Which! washing machine is actually the cheapest?
Energy bills are top of most people’s money-saving agenda. With the Government’s own figures suggesting that between 2.3m and 3.2m people* in the UK are in fuel poverty, finding ways to save money on energy would be A Good Thing.
Now, our friends over at Which! Have teamed up with John Lewis and the Department for Energy and Climate Change to offer an insight into the true cost of new appliances, by calculating and adding in the lifetime energy costs of various appliances. Their figures say suggest that cheap washing machine might not be so cheap after all.
Take this example Which!! provided:
The Indesit BAN12NF fridge freezer costs £250 to buy and £53 a year to run. Over a lifetime (seven years) it costs £621 to own.
The Hotpoint RF175M fridge freezer costs £300 to buy and £18 a year to run. Over a lifetime it costs £426 to own - £195 less the Indesit.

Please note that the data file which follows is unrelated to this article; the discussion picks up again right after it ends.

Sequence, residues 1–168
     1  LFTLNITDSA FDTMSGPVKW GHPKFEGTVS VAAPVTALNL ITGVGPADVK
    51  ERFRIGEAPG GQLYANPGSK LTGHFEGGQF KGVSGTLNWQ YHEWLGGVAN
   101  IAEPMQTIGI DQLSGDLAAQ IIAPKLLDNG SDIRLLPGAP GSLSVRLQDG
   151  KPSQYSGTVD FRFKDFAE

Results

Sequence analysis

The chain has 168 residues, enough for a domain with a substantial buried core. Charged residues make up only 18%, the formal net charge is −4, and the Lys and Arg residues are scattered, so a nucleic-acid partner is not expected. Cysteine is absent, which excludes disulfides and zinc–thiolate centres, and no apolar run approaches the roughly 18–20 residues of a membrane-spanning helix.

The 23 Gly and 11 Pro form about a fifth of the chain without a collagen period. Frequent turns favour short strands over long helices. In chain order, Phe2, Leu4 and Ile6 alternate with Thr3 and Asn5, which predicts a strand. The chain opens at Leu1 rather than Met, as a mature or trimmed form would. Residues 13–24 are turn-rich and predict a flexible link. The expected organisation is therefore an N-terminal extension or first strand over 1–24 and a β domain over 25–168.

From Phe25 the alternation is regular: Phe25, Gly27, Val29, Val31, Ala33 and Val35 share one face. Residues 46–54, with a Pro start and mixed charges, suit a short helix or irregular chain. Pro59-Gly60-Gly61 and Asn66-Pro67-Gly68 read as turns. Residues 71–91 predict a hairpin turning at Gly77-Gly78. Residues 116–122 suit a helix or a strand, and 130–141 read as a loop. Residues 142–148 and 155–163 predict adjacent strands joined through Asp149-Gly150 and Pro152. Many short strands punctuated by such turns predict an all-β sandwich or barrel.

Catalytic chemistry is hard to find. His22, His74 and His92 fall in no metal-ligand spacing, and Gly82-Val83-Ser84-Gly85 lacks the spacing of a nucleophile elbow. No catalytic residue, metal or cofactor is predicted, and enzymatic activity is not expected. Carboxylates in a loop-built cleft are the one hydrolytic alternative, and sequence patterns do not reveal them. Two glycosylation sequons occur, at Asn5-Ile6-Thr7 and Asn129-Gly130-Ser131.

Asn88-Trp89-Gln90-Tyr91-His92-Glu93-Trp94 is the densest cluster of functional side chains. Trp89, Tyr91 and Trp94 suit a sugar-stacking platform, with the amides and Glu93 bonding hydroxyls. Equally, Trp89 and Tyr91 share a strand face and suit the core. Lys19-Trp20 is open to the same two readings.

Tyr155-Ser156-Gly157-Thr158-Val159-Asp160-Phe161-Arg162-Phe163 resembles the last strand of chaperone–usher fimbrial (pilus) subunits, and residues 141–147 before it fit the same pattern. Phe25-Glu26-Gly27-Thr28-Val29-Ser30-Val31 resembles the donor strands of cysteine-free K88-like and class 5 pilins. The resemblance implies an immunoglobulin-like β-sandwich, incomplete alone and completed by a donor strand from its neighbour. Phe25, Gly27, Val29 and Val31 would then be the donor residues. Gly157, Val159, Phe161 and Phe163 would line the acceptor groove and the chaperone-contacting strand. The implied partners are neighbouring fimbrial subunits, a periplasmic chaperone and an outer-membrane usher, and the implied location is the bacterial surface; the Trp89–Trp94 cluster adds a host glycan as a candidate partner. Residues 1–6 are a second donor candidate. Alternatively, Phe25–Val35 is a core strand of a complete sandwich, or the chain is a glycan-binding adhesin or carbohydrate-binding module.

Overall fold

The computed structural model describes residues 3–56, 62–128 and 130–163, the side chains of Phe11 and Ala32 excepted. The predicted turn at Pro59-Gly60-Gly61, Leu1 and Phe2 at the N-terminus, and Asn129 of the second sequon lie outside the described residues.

The information will be shown on the product information label and will be trialled on washing machines, washer dryers and tumble dryers in some John Lewis stores. For the purposes of these calculations, a lifetime is seven years (just ask anyone who's married) and the cost is “based on the current EU energy label regulations, which look at the energy used during two 60ºC cotton cycles and one 40ºC cotton cycle.” This could make for interesting reading when comparing the cost of fridge freezers and tellys.
However, before you switch off (geddit) as you would never buy your white goods from a department store, never fear. Which!!! has thought of you too. They have also published energy cost calculators online which help you compare the total cost of buying a new machine, so you can be sure you are getting the actual overall cheapest one. However, they don’t say what you should do if you can only afford the cheapest machine, even if it’s not the most energy efficient.
So, will you check the guide to make sure you are getting the best deal in the long run, or will you just buy the best value machine with an AAA rating?
* They changed how they calculate what constitutes ‘fuel poverty’. Although they can now say that almost a million fewer people are in fuel poverty, this had absolutely nothing** to do with the method change.
** absolutely everything.